June Tabor’s No Man’s Land is of course Green Fields of France under its original name, making the song one of the very few to make the F50 in two different versions (Shipbuilding and Song to the Siren spring to mind immediately – any others?), and surely the only song to appear in two different versions with entirely different names.
Well, I love a challenge, so I put my thinking cap on. I posted the Men They Couldn’t Hang version last year, so I was aware of the Tabor connection. The complete (as far as I know) list of songs to make the FF in two different versions is:
- Shipbuilding (Elvis Costello & Robert Wyatt);
- Song To The Siren (Tim Buckley & This Mortal Coil);
- O Superman (Laurie Anderson & Laurie Anderson remixed by Henry Cullen); and
- Big Eyed Beans From Venus (Captain Beefheart And His Magic Band & Magic Band [sans Beefheart-SIG]).
- Babylon’s Burning (Ruts & Zion Train) [thanks to Steve W for pointing this one out…see comments below-SIG].
This naturally excludes different recordings by the same band (for example, as I have already noted, Pulp charted with the session recording of Common People in 1994, and again with the studio version in 1995). Then there is the other feat, two songs which are the same bar the titles. Apart from the one Hugh mentions, there is one more which forms the basis of today’s post.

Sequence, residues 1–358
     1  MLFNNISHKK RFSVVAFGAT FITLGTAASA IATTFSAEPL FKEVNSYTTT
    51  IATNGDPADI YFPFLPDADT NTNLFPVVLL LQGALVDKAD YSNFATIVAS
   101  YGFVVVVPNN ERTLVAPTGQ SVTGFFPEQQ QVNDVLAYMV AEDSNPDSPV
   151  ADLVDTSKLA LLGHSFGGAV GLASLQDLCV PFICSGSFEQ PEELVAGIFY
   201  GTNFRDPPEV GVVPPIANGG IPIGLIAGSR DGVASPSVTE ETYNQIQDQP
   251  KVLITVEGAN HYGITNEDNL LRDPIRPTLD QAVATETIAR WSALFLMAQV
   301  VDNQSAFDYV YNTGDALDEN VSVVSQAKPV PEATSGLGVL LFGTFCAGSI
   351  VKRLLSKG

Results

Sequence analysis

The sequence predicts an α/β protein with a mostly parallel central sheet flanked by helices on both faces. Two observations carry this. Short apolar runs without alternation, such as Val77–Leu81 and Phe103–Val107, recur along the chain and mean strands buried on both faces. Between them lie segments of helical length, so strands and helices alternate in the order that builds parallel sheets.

The Smiths were at the peak of their popularity when they released The Queen Is Dead in 1986. No less than five tracks (not including The Boy With The Thorn In His Side, which had already featured in the 1985 chart) turned up in the Festive Fifty for that year. Morrissey apparently insisted on no more than two takes for the vocal of There Is A Light That Never Goes Out (FF 1986 #1 and All-Time FF 2000 #9), and this gives his rendition a subdued, fragile quality that suits the song’s tender yearning and sweeping melody.
It was not released as a single until the band were no more, in 1992. Morrissey subsequently put out a live version (like Paul McCartney, not above adding songs by his former band to his repertoire) in 2005 which was a sizeable chart hit in the UK.
Dirk Dresselhaus operates a solo project known as Schneider TM. Dirk was a former rhythm-section member for German indie rock bands, and The Light 3000 (FF 2000 #8) is an electronic version of the Smiths’ song, released on the 2000 EP Binokular in collaboration with KPT.michi.gan. The use of a vocoder for the vocal adds further distance to the lyrics, thereby suggesting the incident related as a kind of past memory.
Wire magazine voted this one of the best cover versions ever made. Dirk has various tracks (including this one) available for download at his website.